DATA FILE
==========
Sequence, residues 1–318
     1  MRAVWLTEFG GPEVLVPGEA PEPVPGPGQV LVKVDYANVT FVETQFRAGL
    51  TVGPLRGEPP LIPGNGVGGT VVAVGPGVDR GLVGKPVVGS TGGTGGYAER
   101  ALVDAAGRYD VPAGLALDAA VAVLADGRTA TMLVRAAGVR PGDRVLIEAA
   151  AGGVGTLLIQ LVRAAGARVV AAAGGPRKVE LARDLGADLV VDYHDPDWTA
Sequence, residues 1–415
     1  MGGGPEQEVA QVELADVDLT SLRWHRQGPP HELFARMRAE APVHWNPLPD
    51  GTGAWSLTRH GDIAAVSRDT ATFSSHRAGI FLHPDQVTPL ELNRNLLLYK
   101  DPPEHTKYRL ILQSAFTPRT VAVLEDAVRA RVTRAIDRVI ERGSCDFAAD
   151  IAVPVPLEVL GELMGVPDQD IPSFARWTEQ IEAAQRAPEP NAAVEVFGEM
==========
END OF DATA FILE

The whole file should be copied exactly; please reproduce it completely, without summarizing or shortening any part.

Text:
Sequence, residues 1–318
     1  MRAVWLTEFG GPEVLVPGEA PEPVPGPGQV LVKVDYANVT FVETQFRAGL
    51  TVGPLRGEPP LIPGNGVGGT VVAVGPGVDR GLVGKPVVGS TGGTGGYAER
   101  ALVDAAGRYD VPAGLALDAA VAVLADGRTA TMLVRAAGVR PGDRVLIEAA
   151  AGGVGTLLIQ LVRAAGARVV AAAGGPRKVE LARDLGADLV VDYHDPDWTA
Sequence, residues 1–415
     1  MGGGPEQEVA QVELADVDLT SLRWHRQGPP HELFARMRAE APVHWNPLPD
    51  GTGAWSLTRH GDIAAVSRDT ATFSSHRAGI FLHPDQVTPL ELNRNLLLYK
   101  DPPEHTKYRL ILQSAFTPRT VAVLEDAVRA RVTRAIDRVI ERGSCDFAAD
   151  IAVPVPLEVL GELMGVPDQD IPSFARWTEQ IEAAQRAPEP NAAVEVFGEM